East Asian and US educators' reflections on how stigmatization affects their relationships with parents whose children have disabilities: Challenges and solutions
Stigmatization is a culturally widespread social justice challenge with broad implications for the development of children. This study examines the reflections of elementary school educators in Japan, South Korea, Taiwan and the US on how stigma affects their relationships with parents whose children have disabilities and how they respond to these challenges. We conducted cross-cultural analyses of individual, audio recorded interviews with 26 Japanese, 43 Korean, 16 Taiwanese and 18 US educators, including school social workers. Educators from all four cultural groups characterized the development of collaborative relationships with parents as critical to supporting the school success of children with disabilities. They also described challenges posed by stigmatization to those relationships, and solutions to those challenges. Japanese educators watched over, carefully guided, and expressed empathy to parents responding to stigmatization. South Korean educators avoided openly indicating children's struggles to parents, but provided them with education about disabilities to counter misperceptions. Taiwanese educators exercised patience with parents who expressed distress due to stigmatization, and concealed their own negative emotional responses to such displays. US educators engaged parents through fact-oriented, solution-focused responses to children's struggles. The perspectives of educators from diverse contexts can be used to identify cultural blind spots, and develop effective culture- and stigma-sensitive strategies to build relationships with parents to better support children with disabilities.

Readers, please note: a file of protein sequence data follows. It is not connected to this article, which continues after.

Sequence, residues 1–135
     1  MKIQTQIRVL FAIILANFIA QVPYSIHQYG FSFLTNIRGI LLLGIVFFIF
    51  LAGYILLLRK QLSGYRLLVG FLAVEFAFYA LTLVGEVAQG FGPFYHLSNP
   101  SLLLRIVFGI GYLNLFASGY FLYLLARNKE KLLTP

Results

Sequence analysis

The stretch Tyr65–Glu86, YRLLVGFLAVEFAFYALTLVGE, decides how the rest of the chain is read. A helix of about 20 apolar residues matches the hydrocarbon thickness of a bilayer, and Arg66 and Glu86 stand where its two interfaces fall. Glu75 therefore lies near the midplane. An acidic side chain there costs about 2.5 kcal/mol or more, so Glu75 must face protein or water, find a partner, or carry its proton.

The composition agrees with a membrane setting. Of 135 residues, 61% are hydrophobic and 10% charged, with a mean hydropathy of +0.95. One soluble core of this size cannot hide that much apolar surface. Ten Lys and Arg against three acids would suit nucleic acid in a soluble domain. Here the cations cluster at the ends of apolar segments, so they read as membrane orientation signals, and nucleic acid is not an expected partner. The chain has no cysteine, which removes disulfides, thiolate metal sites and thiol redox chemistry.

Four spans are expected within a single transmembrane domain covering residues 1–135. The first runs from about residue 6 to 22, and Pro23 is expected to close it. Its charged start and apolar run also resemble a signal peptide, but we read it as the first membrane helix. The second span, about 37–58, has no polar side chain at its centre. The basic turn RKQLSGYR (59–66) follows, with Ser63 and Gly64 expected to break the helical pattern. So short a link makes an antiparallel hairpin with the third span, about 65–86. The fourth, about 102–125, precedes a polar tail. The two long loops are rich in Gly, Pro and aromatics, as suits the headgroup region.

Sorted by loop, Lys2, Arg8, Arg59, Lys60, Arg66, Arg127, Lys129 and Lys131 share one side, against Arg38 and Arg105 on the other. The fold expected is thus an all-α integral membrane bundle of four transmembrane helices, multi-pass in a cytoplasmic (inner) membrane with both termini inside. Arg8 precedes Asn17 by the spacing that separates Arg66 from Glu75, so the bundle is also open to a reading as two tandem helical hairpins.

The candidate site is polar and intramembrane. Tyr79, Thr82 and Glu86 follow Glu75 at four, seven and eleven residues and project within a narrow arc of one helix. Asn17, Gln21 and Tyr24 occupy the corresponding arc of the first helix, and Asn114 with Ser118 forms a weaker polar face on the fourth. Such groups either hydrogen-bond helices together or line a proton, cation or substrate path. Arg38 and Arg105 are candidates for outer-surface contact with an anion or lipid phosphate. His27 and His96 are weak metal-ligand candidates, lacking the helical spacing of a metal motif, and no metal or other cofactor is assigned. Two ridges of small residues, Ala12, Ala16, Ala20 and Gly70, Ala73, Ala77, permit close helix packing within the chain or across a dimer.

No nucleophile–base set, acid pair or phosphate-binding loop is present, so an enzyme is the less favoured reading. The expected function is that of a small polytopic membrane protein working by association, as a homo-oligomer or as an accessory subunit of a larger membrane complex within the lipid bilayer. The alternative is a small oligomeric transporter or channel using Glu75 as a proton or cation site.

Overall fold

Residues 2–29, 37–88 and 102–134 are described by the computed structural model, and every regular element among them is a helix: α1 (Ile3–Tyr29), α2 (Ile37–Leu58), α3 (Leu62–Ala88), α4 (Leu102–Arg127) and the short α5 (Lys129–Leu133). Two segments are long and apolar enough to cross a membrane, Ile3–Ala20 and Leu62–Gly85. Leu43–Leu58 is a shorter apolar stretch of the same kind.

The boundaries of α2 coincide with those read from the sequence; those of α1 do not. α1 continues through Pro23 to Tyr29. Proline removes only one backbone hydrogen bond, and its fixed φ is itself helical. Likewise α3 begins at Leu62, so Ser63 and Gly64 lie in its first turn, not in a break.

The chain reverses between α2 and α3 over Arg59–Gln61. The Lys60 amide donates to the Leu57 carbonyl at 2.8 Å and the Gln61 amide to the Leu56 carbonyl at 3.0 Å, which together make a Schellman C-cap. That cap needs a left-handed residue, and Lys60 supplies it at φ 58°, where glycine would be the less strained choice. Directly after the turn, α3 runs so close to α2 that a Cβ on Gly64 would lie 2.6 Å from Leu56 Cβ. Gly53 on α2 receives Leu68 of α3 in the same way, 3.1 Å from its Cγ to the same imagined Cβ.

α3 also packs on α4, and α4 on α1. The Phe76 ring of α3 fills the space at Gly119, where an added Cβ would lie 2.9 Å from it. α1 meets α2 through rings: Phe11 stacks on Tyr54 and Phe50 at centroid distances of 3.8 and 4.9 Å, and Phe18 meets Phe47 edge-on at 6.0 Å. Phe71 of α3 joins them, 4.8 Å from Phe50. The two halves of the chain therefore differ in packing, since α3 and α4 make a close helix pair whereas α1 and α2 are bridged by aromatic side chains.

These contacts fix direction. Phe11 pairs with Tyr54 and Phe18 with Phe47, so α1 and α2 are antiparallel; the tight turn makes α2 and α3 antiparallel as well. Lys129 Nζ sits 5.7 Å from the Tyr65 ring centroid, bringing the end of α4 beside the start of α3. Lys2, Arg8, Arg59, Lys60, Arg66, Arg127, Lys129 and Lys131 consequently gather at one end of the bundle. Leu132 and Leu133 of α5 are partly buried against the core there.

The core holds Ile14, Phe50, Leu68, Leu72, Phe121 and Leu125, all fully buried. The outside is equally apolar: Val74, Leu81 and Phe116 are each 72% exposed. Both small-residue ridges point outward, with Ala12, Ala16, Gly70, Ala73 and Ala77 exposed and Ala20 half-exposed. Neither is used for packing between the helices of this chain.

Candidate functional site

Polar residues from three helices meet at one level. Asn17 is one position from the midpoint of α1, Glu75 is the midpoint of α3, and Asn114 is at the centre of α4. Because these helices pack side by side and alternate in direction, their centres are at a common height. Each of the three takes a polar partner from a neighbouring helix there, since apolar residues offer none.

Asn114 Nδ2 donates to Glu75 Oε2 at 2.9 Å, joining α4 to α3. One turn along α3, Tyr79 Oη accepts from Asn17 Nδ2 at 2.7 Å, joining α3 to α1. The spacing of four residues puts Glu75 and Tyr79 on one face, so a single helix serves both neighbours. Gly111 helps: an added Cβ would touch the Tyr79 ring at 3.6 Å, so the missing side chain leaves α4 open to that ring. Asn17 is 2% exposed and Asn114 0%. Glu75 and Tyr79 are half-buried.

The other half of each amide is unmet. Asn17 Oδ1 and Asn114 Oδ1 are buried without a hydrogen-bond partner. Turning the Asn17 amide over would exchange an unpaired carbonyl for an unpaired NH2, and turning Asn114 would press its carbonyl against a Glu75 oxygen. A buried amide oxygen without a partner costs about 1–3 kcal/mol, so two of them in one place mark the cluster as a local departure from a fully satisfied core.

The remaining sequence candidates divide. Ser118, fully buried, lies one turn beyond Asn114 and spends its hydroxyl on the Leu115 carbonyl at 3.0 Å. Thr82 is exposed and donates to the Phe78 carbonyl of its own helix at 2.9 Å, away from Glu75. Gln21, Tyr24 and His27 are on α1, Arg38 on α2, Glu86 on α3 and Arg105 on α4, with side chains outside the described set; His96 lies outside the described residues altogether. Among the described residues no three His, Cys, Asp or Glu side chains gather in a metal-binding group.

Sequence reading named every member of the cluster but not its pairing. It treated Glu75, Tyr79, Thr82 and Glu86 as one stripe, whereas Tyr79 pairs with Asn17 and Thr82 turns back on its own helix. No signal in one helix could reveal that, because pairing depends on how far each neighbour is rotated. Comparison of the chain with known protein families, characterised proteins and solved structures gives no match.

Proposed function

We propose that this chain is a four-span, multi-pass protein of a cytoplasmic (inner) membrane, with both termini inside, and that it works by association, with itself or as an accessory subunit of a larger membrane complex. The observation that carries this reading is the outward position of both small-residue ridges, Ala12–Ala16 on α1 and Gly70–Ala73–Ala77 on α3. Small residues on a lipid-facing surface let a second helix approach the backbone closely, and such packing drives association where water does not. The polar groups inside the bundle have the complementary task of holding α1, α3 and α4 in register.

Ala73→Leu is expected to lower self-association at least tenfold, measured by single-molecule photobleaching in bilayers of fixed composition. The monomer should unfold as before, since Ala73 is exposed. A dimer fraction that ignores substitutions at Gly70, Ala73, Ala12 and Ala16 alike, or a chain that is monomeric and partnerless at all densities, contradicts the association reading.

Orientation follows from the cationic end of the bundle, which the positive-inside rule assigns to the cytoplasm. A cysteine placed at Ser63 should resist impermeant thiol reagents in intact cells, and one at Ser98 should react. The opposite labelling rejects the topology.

Children and Youth Services Review
Kayama, M., Haight, W., Ku, M., Cho, M., & Lee, H. (2017). East Asian and US educators' reflections on how stigmatization affects their relationships with parents whose children have disabilities: Challenges and solutions. Children and Youth Services Review, 73, 128-144. https://doi.org/10.1016/j.childyouth.2016.12.010